Advances in digital technology have become commonplace to the point of being routine. We regularly hear of new developments in hardware, software, or system designs that influence how things get done in modern life. More significantly, though it sometimes seems no less frequently, we hear about major changes in entire industries brought about by the influence of digital technology. For instance, according to Tom Goodwin, senior vice president of strategy and innovation at Havas Media: Uber, the world’s largest taxi company, owns no vehicles. Facebook, the world’s most popular media owner, creates no content. Alibaba, the most valuable retailer, has no inventory. And Airbnb, the world’s largest accommodation provider, owns no real estate. (You may have read those comments as they initially circulated on Facebook.) Encyclopedia Britannica, long seen as the standard source for general-knowledge reference material, published its last print edition in 2012, but its content has been available online since 1994. Print-based phonebooks are still produced in many places…but when’s the last time you used one? For that matter, you probably know a few people who no longer have a landline phone (I’m one of those people). In each of these cases, the shape and nature of an industry has been redefined because digital technologies rendered the old way of doing things obsolete.
When something “goes digital”, the way we work with that thing fundamentally shifts. With analogue photograph, an image was recorded on film, and the results couldn’t be seen until that film was developed. One-hour photo processing was a big deal. But with digital photography, an image is captured by computer circuitry, converted to zeroes and ones, and saved to a file. Film developing is mostly a historical relic. With analogue writing, text was recorded on paper, with ink or graphite bonding to the surface. The writing was done by hand or by typewriter, and once something was written, it had to be physically manipulated — think white-out, scissors, or erasers — to be changed. But with digital writing, text is captured by computer keys (or speech recognition), converted to zeroes and ones, and saved to a file. Correction tape and carbon paper are mostly historical relics, to say nothing of scribes. With analogue teaching, classes were… classes were… Hey, wait a second. Have we moved from analogue to digital teaching?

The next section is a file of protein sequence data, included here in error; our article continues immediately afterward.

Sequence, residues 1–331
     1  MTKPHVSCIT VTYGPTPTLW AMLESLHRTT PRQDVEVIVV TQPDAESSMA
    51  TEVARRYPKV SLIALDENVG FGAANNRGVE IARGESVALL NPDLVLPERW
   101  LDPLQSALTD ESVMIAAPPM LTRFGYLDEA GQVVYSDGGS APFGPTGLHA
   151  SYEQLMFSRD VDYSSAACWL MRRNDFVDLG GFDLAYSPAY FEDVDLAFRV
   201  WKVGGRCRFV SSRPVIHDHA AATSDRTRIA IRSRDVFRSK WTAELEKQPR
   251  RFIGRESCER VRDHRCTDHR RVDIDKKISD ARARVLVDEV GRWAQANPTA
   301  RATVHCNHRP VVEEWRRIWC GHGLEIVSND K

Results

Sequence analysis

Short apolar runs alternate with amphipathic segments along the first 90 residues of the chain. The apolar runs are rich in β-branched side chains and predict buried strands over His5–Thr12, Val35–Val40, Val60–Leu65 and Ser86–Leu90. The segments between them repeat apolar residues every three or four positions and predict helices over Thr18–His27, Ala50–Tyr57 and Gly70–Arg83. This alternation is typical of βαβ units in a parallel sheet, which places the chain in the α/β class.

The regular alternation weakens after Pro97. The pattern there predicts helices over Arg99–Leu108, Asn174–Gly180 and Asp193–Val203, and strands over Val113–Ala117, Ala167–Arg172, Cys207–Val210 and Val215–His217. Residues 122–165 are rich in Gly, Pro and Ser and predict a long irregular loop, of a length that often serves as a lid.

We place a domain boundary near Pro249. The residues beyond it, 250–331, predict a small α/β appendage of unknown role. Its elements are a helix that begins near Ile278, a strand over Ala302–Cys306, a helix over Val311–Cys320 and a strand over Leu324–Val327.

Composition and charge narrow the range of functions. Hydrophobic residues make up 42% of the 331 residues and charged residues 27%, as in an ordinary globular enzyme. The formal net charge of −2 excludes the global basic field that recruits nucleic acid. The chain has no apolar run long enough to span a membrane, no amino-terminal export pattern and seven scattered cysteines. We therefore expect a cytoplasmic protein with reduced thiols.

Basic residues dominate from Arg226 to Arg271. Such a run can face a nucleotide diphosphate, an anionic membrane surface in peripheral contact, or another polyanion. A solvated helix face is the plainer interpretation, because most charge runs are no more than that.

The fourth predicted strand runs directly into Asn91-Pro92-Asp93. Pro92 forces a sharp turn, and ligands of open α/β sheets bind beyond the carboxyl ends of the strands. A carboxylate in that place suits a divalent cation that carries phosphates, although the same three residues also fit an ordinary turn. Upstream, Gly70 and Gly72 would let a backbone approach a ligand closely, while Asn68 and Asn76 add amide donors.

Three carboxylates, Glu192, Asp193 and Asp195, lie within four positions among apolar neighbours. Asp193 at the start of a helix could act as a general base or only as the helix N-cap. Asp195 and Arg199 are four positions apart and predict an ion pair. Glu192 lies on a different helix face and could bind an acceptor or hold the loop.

So there’s the question to launch us into today’s episode. We’re going to talk about moving education into today’s technological era — today, we’re talking about digital pedagogy. It’s actually the continuation of a conversation started back in April 2015 at GradUcon, a student services event for graduate students at the University of Chicago. One panel at this conference-style gathering, organized by Kristy Rawson, was titled Digital Pedagogies. The panel had broad goals, designed “to share information around a range of digitally enhanced pedagogical practices.” I was one of the panelists, and in this episode of HybridPod, we’ll be hearing from everyone else on that panel as we try and get to the heart of what digital pedagogy actually is, what sets it apart from regular pedagogy, and how digital pedagogy works it today’s educational environments.